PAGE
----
3 Sure-Fire Warning Signs You’re Failing as an Executive Leader
Admit it - it’s not a word that sits well with you.
If you’re like the typical leader, you’re personally committed to your own success and the success of your organization.
Failure is not in your vocabulary.
But leaders actually do fail at an alarming rate. Even hardworking leaders like you are not immune.
And you’re immunity is even lower if you’re one of those leaders that’s got it all figured out and won’t listen to input.
In fact, you might be failing yourself, right now.
It’s not too late to turn it around though. If you squarely face three distinct warning signs, you can avert or even avoid failure.
Sign #1: You’re hemorrhaging market share to your competitors
If you’re losing business at a rapid rate, the finger will point right back at you. Case in point is J.C. Penney. We all watched with tortured fascination as it lost market share faster than air escaping a balloon.
As this happened, all eyes turned to CEO Ron Johnson, the former Target and Apple exec hired to breathe new life into the venerable retailer. Johnson had architected a massive chain-wide store redesign and a “fair and square” pricing approach.
Unfortunately, this approach resulted in a $1 billion loss and a 25% loss in sales his first year on the job. His approach went over like a lead balloon with consumers.
Then he was fired.
Key Takeaway: Pay close, continuous attention to the market and how your customers are voting with their dollars.
Lose the bubble on this one and you risk failure.
One thing you can do to avoid failure: Put in a process that keeps you updated on the key metrics of your business performance. The output of this process is your “executive dashboard” that keeps you focused on what really matters for your organization.
So you can stop the bleeding and keep it from even starting.
Sign #2: Your old strategy isn’t working any more.
Before the iPhone and Android, there was BlackBerry.
Maybe you had one. It used to be the coolest thing.
But that was then and this is now.
With the rise of the smartphones, BlackBerry is being squeezed out and is fighting for its life.
BlackBerry based its strategy on what had been working for it since its inception: reliable, secure email and a few apps using a closed development platform.
Android and Apple went with different development platforms. The big thing they did differently?
Tons of useful apps.
Key Takeaway: It’s easy to keep riding the strategy that won you your first race. After all, it worked.
However, the competition is always out there, looking for ways to beat it. You not only need a strategy, but you also need one that is continuously tuned to the competitive conditions of your space.
If not, you may find yourself becoming extinct.
Just like the BlackBerry.
One thing you can do to avoid failure: Use scenario-based strategic planning to provide you a dynamic window on possible futures. Scenario-based strategic planning allows you to better understand your competitive space and the macro drivers of change that are at work.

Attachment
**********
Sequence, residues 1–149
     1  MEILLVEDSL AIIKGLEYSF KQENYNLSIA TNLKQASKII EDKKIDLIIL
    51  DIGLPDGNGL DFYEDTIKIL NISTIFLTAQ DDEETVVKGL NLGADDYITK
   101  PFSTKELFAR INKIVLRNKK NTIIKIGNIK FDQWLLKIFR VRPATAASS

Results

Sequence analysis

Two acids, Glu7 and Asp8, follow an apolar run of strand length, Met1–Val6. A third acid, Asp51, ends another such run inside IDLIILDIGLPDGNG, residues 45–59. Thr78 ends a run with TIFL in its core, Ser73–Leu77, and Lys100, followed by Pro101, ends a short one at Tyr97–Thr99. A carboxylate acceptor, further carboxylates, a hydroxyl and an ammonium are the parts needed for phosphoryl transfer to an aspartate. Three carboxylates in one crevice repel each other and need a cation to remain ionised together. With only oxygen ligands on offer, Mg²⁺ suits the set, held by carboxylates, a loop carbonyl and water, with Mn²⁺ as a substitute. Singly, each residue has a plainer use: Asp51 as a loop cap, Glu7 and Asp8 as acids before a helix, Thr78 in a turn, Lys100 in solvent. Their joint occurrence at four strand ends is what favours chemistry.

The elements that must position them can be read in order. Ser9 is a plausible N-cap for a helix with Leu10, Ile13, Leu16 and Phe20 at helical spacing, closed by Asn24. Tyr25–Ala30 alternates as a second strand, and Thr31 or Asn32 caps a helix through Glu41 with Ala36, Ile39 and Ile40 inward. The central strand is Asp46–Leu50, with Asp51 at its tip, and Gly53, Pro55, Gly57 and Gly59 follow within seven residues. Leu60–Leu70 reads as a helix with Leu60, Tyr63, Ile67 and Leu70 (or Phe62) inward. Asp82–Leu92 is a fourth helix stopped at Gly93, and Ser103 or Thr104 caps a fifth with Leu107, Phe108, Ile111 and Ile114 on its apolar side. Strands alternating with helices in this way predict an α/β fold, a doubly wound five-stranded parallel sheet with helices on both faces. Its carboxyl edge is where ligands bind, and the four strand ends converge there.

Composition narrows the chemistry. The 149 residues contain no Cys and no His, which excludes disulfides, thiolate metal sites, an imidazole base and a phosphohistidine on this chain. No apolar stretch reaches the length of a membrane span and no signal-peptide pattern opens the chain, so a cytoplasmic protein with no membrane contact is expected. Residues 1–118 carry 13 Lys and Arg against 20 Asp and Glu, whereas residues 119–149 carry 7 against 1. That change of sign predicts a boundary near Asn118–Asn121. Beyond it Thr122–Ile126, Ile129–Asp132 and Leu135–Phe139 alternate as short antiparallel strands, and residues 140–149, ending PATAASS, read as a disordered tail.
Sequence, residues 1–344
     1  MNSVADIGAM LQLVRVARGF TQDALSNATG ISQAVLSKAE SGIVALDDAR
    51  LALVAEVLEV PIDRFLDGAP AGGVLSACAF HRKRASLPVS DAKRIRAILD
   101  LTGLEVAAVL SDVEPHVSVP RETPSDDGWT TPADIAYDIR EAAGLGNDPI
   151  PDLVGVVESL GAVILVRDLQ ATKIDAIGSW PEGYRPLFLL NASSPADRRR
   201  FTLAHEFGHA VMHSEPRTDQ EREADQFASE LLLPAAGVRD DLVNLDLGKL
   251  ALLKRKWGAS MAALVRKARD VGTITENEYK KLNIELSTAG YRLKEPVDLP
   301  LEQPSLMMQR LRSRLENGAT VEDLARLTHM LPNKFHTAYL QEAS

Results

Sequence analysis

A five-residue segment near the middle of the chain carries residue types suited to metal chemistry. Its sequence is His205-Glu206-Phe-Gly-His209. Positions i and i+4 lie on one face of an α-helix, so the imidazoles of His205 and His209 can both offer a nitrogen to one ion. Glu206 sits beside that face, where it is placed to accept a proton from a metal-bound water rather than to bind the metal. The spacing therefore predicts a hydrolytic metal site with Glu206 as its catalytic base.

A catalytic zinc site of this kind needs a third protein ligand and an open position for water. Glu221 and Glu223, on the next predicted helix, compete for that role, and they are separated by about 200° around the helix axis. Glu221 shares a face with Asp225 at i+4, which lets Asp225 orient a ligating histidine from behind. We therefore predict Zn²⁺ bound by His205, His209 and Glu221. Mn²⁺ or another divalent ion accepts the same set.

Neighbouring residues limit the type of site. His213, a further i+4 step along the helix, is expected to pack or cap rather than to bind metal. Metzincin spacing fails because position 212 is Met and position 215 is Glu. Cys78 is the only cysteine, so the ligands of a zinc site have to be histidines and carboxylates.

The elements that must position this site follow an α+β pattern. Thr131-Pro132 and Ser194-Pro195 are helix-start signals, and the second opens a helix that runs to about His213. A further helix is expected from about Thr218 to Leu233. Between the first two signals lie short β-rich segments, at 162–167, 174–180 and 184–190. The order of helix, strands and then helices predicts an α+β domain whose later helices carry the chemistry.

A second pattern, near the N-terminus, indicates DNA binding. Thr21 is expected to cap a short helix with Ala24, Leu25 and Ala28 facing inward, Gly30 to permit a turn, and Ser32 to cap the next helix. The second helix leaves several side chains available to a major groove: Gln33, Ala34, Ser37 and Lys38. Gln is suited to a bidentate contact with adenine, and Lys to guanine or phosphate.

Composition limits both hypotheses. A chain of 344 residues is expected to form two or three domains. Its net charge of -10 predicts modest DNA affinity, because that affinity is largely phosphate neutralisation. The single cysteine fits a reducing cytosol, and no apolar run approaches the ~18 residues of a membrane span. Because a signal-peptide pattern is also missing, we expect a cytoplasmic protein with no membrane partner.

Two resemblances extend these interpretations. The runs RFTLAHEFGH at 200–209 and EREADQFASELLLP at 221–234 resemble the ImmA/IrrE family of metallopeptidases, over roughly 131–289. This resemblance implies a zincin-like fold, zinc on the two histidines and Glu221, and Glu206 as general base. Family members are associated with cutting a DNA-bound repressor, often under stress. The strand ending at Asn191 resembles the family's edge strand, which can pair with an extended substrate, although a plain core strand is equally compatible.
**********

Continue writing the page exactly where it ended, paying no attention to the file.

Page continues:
You then connect that understanding to decision-making and your core operational processes.
The end result if done well?
You’re prospering like Android and Apple rather than dying like BlackBerry.
Sign #3: Your customer service reps are always saying "sorry"
“My brand new water heater isn’t heating water.”
“We’re so sorry about that. Can you describe to me the problem again?”
Grrrrr!!! Talk about jaw tightening. You know what being on the customer side of these calls is like—pretty infuriating.
But what if you’re on the other side—the customer service side.
My cousin used to work for a bio-tech company. They sold a technology platform that automated the data analysis for agricultural companies.
Problem was that the software behind the platform didn’t work as advertised. The fix always seemed to be “just an upgrade away.”
One time, my cousin was dispatched to troubleshoot the problem for a big German firm that had purchased the platform. However, he had nothing to offer them—the fix wasn’t ready.
The German firm dumped my cousin’s company… and soon thereafter my cousin dumped them too.
“We’re sorry about that” takes on a whole new meaning when you start losing sales and employees.
Key Takeaway: Don’t accept “we’re sorry” as your default answer.
Learn from the bad news and use it to create good news.
One thing you can do to avoid failure: Talk directly with the people who are closest to the customers and get the answer to this question, "What's our customers' number one gripe?"
Your customer service team will give you an earful.
Use this information to fix the reasons for that gripe, and turn “We’re sorry” into “We’re glad you’re happy.”
The Upshot of These Sure-Fire Warning Signs of Failure
As an executive leader, failure is an ever-present threat.
But it's not inevitable.
Smart leaders proactively scan the environment for warning signs of impending danger.
They use these signs to take action and keep their organizations healthy.
Give yourself a health check today using these three warning signs and see how you measure up.